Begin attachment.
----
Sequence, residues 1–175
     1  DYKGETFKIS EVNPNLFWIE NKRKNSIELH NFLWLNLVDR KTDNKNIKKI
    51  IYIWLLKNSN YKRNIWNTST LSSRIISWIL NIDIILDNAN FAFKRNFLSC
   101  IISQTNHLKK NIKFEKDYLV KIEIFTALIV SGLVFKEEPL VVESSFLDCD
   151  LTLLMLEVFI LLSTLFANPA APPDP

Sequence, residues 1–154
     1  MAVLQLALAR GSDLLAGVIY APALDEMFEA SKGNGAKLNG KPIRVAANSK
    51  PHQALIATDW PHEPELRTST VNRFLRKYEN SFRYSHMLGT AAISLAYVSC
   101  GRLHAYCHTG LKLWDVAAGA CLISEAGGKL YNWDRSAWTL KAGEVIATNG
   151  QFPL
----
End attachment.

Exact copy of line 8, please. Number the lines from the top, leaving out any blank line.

    51  PHQALIATDW PHEPELRTST VNRFLRKYEN SFRYSHMLGT AAISLAYVSC